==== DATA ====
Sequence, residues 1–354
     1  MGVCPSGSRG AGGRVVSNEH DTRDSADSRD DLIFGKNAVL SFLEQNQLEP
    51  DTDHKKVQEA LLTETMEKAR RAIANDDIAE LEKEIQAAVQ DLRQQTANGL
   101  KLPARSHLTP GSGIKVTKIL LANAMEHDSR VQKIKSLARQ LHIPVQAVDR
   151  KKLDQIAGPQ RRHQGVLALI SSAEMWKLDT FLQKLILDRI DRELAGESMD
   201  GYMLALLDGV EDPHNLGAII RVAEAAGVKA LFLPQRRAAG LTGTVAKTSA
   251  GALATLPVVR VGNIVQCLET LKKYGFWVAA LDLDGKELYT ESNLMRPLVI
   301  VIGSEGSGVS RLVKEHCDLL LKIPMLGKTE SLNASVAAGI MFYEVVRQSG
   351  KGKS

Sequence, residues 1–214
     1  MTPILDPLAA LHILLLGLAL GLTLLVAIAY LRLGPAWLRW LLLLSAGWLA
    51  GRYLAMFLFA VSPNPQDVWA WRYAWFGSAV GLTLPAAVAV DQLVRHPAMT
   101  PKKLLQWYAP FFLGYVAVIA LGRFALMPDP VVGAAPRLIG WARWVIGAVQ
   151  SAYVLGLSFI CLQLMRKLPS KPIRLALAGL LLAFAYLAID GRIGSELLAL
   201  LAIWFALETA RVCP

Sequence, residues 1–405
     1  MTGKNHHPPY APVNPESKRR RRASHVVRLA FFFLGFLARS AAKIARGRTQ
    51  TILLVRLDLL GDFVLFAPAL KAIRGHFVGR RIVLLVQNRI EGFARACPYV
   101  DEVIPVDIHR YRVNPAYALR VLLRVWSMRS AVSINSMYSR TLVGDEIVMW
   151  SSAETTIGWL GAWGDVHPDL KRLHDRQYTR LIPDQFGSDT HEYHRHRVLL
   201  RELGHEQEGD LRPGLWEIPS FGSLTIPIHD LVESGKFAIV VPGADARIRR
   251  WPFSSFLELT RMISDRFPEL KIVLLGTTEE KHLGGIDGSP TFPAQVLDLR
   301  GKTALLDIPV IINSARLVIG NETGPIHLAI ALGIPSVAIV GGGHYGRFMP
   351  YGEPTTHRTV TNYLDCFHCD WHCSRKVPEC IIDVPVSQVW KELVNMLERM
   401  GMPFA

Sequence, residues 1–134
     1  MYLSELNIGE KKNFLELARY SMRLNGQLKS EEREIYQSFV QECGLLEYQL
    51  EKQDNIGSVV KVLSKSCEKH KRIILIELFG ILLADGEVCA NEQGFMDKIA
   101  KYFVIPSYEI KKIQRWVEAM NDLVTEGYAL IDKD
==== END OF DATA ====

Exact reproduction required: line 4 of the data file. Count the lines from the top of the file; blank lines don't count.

   101  KLPARSHLTP GSGIKVTKIL LANAMEHDSR VQKIKSLARQ LHIPVQAVDR